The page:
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examples you and me

Source global Wall Street Journal     time 2022-01-14 21:49:52
Typefacelarge in Small
The second blow awaited me in the courtyard of the school. Peter Pavlovich,” the boys cried, here is another from the preparatory class in uniform!” What did that mean? It appeared that the preparatory school was a private affair, and its members were strictly forbidden to don the St. Paul uniform. Peter Pavlovich, the black-bearded monitor, explained to me that I must remove the badge, the braid and the belt-buckle, and must replace the buttons, which had an eagle stamped on them, with ordinary ones. This was my second misfortune.

I composed verses, feeble lines which perhaps showed my early love for words but certainly forecast no poetical future. My elder sister knew of my verses, through her my mother knew, and through my mother, my father. They would ask me to read my verses aloud before guests. It was painfully embarrassing. I would refuse. They would urge me, at first gently, then with irritation, finally with threats. Sometimes I would run away, but my elders knew how to get what they wanted. With a pounding heart, with tears in my eyes, I would read my verses, ashamed of my borrowed lines and limping rhymes.

A Russian revolutionary of the seventies stopped in Roumania in passing, on the very eve of the Russo-Turkish war; he was detained for a while by circumstances beyond his control; a few years later, under the name of Gherea, he had won far-reaching influence over the Roumanian intelligentsia, extending it later to the more advanced among the workers as well. Literary criticism on a social basis was Gherea’s chief medium for shaping the more advanced groups among the Roumanian intelligentsia. Then, from questions of aesthetics and personal ethics, he led them to scientific socialism. The majority of Roumanian politicians of almost every party passed through, at least in their younger days, a brief school of Marxism under Gherea’s guidance. It did not prevent them, however, from pursuing a policy of reactionary banditry in their riper age.

Just as I had thought. The Madrid police had received a telegram from the Paris prefecture: A dangerous anarchist, so-and-so, crossed the frontier at San Sebastian. Intends to settle down in Madrid.” So the Madrid police had been waiting for me, had looked everywhere for me, and were upset because they could not find me for a whole week. The French policemen had politely escorted me across the frontier; the admirer of Montaigne and Renan had even asked me: C’est fait avec discrétion, n’est-ce pas?” and then the same police had telegraphed to Madrid that a dangerous anarchist” had passed through Irun to San Sebastian!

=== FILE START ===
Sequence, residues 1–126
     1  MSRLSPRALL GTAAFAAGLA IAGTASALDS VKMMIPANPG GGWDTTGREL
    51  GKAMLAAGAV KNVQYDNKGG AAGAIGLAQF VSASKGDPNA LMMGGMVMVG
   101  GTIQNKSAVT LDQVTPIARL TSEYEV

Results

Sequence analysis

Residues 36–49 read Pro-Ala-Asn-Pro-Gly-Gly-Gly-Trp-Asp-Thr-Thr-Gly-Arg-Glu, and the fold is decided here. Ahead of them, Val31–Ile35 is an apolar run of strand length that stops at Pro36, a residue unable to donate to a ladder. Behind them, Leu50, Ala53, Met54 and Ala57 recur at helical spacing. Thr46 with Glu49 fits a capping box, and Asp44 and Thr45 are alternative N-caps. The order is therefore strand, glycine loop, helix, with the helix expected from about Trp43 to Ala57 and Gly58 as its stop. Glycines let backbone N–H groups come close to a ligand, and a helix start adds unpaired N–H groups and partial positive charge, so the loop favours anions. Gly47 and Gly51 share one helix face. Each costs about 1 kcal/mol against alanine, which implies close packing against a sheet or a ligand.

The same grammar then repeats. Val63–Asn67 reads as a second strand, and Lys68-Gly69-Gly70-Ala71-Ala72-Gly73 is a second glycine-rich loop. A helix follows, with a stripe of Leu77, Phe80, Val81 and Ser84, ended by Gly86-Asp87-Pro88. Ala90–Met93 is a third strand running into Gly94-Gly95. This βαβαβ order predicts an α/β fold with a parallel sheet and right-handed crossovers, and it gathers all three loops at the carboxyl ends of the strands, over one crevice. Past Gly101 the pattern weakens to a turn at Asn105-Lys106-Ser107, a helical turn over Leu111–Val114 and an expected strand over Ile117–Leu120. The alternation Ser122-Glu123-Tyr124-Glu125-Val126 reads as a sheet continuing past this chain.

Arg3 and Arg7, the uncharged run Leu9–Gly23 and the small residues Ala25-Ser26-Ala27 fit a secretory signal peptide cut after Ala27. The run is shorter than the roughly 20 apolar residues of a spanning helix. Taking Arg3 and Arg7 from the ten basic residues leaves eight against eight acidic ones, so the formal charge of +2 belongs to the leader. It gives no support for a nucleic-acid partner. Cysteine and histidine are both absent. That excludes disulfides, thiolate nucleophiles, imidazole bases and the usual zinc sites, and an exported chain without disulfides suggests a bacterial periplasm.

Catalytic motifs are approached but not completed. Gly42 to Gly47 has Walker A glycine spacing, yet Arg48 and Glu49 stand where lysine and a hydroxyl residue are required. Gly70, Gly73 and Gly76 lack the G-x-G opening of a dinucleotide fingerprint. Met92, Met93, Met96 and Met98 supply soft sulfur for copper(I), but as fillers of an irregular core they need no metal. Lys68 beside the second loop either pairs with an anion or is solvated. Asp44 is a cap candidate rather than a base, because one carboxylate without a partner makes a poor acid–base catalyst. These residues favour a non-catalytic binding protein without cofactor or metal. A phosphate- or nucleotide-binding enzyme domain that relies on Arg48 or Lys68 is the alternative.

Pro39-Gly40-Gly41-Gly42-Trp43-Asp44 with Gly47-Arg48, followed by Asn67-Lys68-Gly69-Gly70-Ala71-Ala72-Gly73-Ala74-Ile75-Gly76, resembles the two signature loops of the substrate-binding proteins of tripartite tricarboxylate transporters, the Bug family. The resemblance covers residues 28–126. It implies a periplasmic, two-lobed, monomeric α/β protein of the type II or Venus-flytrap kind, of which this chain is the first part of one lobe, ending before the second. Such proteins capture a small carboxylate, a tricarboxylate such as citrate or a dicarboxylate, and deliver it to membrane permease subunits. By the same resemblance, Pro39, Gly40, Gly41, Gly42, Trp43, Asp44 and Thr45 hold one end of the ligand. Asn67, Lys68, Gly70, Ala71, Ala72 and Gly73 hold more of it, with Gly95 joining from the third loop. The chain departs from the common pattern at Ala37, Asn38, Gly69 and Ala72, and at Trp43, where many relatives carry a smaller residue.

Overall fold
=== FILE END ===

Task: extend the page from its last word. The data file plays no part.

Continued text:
There was no answer, nor did I expect one. But Miliukoff’s paper stepped in to defend the ambassador of an ally, and repeated the charge on its own behalf. I decided to brand the calumniators as solemnly as I could. The first all-Russian congress of Soviets was then in session. On June 5, the hall was full to the brim. At the dose of the meeting I rose to make a personal statement. Gorky’s paper, which was hostile to the Bolsheviks, next day reported my concluding words and the scene as a whole as follows:

On the twenty-eighth of January, 1898, there were mass arrests. Altogether, over two hundred people were taken. The police applied the scourge. One of those arrested, a soldier named Sokolov, was driven to throw himself from the second floor of the prison; he was merely badly bruised. Another, Levandovsky, went insane. There were still other victims.

The movement is no doubt irregular and crooked, but the tendency is constant. What every government does in turn in favor of revolution becomes inviolable; what is attempted against it passes over like a cloud: I enjoy watching this spectacle, in which I understand every single picture; I observe these changes in the life of the world as if I had received their explanation from above; what oppresses others, elevates me more and more, inspires and fortifies me; how can you want me then to accuse destiny, to complain about people and curse them? Destiny — I laugh at it; and as for men, they are too ignorant, too enslaved for me to feel annoyed at them.”


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